After solid phases had been introduced, liquid model parameters were optimized to fit the congruent points of the \(\beta 1\) and \(\delta \) phases, as well as a tentative liquidus point representing the “melting effect” found at 1663 K for 15 at.% Te by Klepp and Komarek [15]. There were no further details about that data point in their paper. When those solid phases were approximately in place, the interaction terms in the liquid could be further optimized to fit liquidus and activity data [11, 14, 15], and the liquid \(\mathrm{Ni}_{2}\mathrm{Te}_{2}\) end-member was used to help fit the eutectic point between \(\gamma 2\) and \(\delta \).
No solubility was modeled in the pure terminal phases, although a small amount of Ni might be soluble in pure Te [24].
\(\beta 1\) and \(\delta \) phases
The end-member and interaction parameters of the \(\beta 1\) phase were first manually adjusted in order to get the phase in the approximately correct location in the phase diagram. The parameters were then optimized to fit the \(L\rightarrow \mathrm{FCC}+\beta 1\) eutecticum and activity data [14, 35, 36, 39]
All terms except the entropy terms (bT in Eq. 6) of the \(\delta -\)NiTe and \(\delta -\mathrm{NiTe}_{2}\) end-members were fitted to the formation enthalpy data evaluated via DFT by Jandl et al. [34] and the heat capacity data of Grønvold [29] and Tsuji and Ishida [31]. The interaction terms were then optimized to fit activity data [14, 21, 38] and the bT terms to fit solidus data [14, 15] and the phase boundaries evaluated by Barstad et al. [13]. The interaction term \(^{0}L^{\delta }_{\mathrm{Ni,Va:Va:Te}}={^{0}}L^{\delta }_{\mathrm{Va:Ni,Va:Te}}\), affecting the range NiTe\(_{2}-\)Te, was given a constant positive value in order to suppress a higher Te-solubility than about 66.67 at.% Te.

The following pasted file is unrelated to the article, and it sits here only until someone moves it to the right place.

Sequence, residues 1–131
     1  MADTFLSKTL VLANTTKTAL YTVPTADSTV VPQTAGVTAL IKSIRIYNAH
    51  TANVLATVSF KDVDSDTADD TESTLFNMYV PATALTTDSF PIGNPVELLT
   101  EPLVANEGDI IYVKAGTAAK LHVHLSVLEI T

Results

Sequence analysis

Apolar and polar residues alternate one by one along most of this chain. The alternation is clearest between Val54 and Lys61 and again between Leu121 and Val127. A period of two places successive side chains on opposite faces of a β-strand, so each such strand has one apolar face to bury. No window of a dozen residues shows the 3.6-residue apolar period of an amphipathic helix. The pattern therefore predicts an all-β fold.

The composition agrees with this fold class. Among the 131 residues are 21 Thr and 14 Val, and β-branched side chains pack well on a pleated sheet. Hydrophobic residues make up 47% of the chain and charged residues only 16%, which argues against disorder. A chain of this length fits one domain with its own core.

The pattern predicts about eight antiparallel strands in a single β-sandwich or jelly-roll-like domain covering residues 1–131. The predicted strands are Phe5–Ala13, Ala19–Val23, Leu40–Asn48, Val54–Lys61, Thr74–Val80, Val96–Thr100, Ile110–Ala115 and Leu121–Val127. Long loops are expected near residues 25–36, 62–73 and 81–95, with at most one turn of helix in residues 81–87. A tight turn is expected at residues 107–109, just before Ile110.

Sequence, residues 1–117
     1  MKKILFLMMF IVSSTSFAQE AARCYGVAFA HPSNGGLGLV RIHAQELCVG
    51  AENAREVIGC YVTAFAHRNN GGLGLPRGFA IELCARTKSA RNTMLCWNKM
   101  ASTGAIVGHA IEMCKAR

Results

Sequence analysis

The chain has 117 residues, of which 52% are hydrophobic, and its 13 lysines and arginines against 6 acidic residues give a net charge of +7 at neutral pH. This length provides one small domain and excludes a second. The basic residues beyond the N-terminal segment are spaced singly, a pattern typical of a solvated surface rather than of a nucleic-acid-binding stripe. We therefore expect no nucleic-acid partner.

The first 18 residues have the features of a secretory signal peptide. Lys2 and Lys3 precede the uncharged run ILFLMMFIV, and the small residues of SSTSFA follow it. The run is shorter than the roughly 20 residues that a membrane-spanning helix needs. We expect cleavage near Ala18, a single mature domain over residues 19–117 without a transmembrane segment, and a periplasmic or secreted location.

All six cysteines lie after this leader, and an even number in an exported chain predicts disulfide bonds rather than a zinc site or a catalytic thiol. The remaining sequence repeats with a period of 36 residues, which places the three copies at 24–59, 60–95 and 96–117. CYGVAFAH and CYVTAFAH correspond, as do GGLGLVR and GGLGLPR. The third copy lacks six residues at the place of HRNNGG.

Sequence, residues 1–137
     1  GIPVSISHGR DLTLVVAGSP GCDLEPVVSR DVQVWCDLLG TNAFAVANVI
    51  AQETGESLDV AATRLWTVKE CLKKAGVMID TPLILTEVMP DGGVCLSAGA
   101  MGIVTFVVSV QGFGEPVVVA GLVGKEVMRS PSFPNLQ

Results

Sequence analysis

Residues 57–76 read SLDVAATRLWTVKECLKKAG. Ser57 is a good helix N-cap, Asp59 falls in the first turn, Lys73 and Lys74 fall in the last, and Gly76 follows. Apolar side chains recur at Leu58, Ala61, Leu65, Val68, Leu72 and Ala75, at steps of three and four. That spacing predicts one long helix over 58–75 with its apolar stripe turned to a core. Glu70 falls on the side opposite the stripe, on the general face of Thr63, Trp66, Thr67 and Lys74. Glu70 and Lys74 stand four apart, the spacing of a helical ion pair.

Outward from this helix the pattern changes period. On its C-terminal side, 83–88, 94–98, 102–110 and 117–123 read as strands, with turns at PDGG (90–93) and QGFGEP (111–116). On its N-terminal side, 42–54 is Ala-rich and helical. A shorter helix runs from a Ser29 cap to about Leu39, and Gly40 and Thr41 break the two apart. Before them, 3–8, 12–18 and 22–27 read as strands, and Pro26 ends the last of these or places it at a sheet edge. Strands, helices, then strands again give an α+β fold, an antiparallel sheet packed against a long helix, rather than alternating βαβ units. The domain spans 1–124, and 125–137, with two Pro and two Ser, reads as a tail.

\(\beta 2\), \(\gamma 1\) and \(\gamma 2\) phases
The end-members of the \(\beta 2\) phase were first manually adjusted to make the phase appear in approximately the correct temperature and composition range. Both end-members, i.e., \(\beta 2-\mathrm{Ni}_{2}Te\) and \(\beta 2-\)NiTe, were modeled using the NKR. The stable composition range of the phase is narrow and lies roughly in the middle between the end-members; the end-members are thus rather far away from the compositions of available heat capacity data [29], which made it difficult to fit the data with end-members described as power series (Eq. 6). Instead, it worked well to model it as a power-series contribution to the interaction parameter \(^{0}L^{\beta 2}_{\mathrm{Ni:Ni,Va:Te}}\). The a- and b-terms of the interaction parameters together with the b-term of \(\beta 2-\mathrm{Ni}_{2}\mathrm{Te}\) could then be optimized to fit activity data [35, 39] and the congruent reaction \(\beta 2 \rightleftharpoons \beta 1\). The a-terms of the end-members were optimized to fit a sort of compromise between the enthalpy of formation of the end-members evaluated via DFT in this work and the calorimetric point by Shukla et al. [32]. If the latter enthalpy of formation were to be fit well, the phase would be too stable to allow the proper shape of the \(\delta \) phase.